74

(4) Where general as well as specific expressions are used in describing any of the matter enumerated in the Lists set out in the Ninth Schedule the generality of the former shall not be taken to be limited by the latter.

Oleh demikian adalah munasabah bagi JPN mengenakan syarat-syarat tersebut kerana perkara murtad ini, mengikut penghakiman majoriti (dan saya bersetuju dengannya), adalah satu persoalan yang berkaitan dengan undang-undang Islam dan seperti yang telah dinyatakan oleh Mahkamah Agong dalam kes Dalip Kaur lwn. Pegawai Polis Daerah, Balai Polis Daerah, Bukit Mertajam & Anor [1991] 3 CLJ 2768; [1991] 1 CLJ (Rep) 77 bahawa jawapan kepada persoalan sama ada seseorang itu adalah seorang Muslim atau telah keluar dari agama Islam sebelum dia meninggal dunia, adalah termasuk dalam dunia undang-undang Syariah yang memerlukan pertimbangan-pertimbangan serius dan tafsiran wajar atas undang-undang itu. Dalam hal keadaan sedemikian, saya bersetuju dengan penghujahan peguam terpelajar responden-responden kedua dan ketiga bahawa syarat supaya suatu sijil atau perisytiharan atau perintah daripada Mahkamah Syariah bahawa perayu telah jadi murtad bukanlah suatu keputusan yang tidak munasabah sehinggakan sebegitu melampau dalam keingkaran terhadap logik atau standard moral yang diterima hingga tiada seorang yang waras yang telah menumpukan pemikirannya kepada persoalan yang perlu diputuskan itu boleh mencapai keputusan itu.

 

[11] Mengenai hujah responden-responden kedua dan ketiga bahawasanya JPN berhak untuk memasukkan perkataan “Islam” di muka hadapan KP perayu dalam bulan November 1999 kerana pindaan-pindaan kepada k. 4(c) (iva) dan k. 5(2) telah dibuat berkuatkuasa kebelakangan kepada 1 Oktober 1999 dan kuatkuasa kebelakangan ini telah dibenarkan kerana pindaan-pindaan itu adalah berbentuk prosedur, perayu menghujahkan bahawa selagi pindaan itu tidak diwartakan pihak eksekutif (misalnya JPN) tidak boleh menggunakan pindaan itu dan bertindak atasnya. Perayu menarik perhatian kepada fakta bahawa permohonannya untuk KP telah dibuat pada 25 Oktober 1999 manakala pada 1 Oktober 1999 pindaan itu belum diwartakan. Perayu menekankan bahawa kedudukan sebenar undang-undang semasa itu ialah bahawa perayu adalah berhak untuk suatu KP baru di atas nama Lina Joy tanpa apa-apa kenyataan mengenai agama diletakkan dalam KP itu. Pindaan itu mengikut perayu tidak boleh dibuat berkuatkuasa kebelakangan kerana ianya menjejaskan hak perayu yang sedia ada itu.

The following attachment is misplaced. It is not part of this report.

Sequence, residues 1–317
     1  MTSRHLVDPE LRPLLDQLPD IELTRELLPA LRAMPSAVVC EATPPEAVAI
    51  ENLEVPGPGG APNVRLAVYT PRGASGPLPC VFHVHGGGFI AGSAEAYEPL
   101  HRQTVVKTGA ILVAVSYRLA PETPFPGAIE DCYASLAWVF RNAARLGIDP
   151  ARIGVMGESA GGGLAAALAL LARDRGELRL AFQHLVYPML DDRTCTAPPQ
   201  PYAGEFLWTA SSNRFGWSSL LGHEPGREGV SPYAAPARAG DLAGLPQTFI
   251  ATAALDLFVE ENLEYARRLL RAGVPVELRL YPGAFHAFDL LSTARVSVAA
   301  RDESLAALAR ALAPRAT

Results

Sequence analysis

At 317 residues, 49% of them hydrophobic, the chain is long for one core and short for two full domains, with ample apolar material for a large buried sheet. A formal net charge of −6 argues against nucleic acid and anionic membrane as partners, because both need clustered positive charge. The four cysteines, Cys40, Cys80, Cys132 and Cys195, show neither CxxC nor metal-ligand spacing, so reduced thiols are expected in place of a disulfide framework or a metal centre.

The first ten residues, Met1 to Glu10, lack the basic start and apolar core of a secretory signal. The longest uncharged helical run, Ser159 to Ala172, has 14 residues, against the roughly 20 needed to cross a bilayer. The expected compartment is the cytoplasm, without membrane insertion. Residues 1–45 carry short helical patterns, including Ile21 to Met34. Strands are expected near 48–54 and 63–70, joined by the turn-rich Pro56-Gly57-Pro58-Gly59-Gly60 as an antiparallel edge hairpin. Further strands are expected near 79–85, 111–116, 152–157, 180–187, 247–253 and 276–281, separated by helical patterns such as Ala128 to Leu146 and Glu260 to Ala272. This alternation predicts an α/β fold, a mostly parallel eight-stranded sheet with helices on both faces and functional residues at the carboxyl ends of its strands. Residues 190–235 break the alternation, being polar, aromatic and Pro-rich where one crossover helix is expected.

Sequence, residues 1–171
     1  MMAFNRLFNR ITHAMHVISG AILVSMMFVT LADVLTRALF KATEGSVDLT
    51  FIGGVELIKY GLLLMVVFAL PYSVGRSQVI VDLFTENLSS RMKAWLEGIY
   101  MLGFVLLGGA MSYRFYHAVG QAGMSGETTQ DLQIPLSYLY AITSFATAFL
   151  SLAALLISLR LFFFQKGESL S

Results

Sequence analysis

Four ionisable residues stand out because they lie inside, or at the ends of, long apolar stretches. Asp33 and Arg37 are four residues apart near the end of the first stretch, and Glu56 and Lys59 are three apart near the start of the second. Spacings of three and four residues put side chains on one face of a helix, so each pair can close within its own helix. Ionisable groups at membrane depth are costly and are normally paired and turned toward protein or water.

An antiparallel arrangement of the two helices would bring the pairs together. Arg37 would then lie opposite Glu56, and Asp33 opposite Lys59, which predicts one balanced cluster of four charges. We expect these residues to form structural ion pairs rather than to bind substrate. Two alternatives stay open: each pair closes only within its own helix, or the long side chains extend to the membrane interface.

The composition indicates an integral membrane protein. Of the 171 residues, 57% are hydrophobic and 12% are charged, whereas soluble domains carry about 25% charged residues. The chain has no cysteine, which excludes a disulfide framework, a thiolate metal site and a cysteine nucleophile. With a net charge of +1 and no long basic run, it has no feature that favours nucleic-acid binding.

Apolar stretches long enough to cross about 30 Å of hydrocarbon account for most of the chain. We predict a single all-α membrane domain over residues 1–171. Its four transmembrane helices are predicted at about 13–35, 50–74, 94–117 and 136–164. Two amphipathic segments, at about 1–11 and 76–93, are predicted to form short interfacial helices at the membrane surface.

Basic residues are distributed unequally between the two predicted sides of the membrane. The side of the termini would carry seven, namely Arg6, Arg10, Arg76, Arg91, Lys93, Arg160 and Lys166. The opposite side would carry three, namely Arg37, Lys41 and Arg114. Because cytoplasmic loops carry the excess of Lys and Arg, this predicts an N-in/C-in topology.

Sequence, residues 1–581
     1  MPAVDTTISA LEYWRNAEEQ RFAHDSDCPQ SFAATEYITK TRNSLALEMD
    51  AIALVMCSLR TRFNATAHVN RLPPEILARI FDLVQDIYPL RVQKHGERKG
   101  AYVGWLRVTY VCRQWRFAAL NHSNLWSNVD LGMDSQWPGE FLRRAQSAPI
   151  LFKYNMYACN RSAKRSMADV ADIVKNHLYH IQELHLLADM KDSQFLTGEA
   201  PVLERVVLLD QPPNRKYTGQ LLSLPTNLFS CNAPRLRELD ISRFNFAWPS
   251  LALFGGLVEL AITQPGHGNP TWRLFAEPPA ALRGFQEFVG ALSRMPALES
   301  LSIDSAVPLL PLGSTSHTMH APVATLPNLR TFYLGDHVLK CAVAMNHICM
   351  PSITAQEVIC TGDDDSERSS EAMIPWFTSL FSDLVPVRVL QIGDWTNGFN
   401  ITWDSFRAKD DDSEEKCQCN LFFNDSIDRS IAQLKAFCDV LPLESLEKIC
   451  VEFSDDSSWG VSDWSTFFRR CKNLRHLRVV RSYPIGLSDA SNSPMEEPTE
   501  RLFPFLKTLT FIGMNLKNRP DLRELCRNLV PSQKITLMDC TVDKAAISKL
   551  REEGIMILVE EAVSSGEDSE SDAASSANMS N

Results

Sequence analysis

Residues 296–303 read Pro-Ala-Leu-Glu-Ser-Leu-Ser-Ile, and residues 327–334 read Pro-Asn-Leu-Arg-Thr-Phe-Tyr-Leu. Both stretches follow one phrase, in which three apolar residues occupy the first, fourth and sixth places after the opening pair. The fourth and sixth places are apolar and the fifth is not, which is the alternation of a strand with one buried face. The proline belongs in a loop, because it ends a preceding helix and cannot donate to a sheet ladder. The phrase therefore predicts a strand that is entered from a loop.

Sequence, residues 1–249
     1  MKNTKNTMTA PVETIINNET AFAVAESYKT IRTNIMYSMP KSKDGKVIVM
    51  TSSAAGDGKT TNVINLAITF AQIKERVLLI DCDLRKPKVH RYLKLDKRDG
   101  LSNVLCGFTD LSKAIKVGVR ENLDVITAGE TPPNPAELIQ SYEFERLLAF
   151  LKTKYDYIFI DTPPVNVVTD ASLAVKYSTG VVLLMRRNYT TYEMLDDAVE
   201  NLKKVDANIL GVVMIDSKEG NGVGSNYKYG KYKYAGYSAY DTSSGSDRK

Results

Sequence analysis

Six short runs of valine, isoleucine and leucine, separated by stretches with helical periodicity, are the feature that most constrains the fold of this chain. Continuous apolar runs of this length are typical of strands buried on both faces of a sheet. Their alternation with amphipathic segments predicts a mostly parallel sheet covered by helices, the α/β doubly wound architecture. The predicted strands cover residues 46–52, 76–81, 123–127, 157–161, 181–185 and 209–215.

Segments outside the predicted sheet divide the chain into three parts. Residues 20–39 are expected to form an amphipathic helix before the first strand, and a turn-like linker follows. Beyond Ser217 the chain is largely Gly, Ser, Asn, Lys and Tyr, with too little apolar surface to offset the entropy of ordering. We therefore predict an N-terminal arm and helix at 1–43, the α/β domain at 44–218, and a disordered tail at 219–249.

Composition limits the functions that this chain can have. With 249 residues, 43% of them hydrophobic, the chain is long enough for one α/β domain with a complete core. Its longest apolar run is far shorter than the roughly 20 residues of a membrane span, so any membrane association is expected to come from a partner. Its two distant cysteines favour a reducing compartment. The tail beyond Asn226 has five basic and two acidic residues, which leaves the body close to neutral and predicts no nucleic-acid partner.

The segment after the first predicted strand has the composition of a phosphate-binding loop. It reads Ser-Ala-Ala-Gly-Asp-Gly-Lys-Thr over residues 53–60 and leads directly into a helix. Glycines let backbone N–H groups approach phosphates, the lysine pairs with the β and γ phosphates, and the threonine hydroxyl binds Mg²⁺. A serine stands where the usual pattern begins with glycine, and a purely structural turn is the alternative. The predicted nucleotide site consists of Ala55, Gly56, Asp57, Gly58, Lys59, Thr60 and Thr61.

11.1 Atas isu kuatkuasa kebelakangan ini saya ingin merujuk kepada kes Sim Seoh Beng @ Sin Sai Beng & Anor lwn. Koperasi Tunas Muda Sungai Ara Bhd [1995] 1 CLJ 491 yang menyatakan bahawa ujian yang betul untuk digunapakai bagi menentukan sama ada sesuatu undang-undang bertulis adalah berkuatkuasa secara prospektif atau kebelakangan ialah untuk pertamanya memastikan sama ada undang-undang itu akan menyentuh hak-hak substantif jika dikuatkuasakan secara kebelakangan. Jika ia, maka, prima facie undang-undang itu hendaklah ditafsirkan sebagai mempunyai kesan prospektif sahaja, kecuali terdapat arahan yang jelas dalam enakmen itu bahawa ianya hendaklah berkuatkuasa kebelakangan.

In our judgment, the correct test to be applied to determine whether a written law is prospective or retrospective is to first ascertain whether it would affect substantive rights if applied retrospectively. If it would, then, prima facie that law must be construed as having prospective effect only, unless there is a clear indication in the enactment that it is in any event to have retrospectivity. (bahasa asal penghakiman).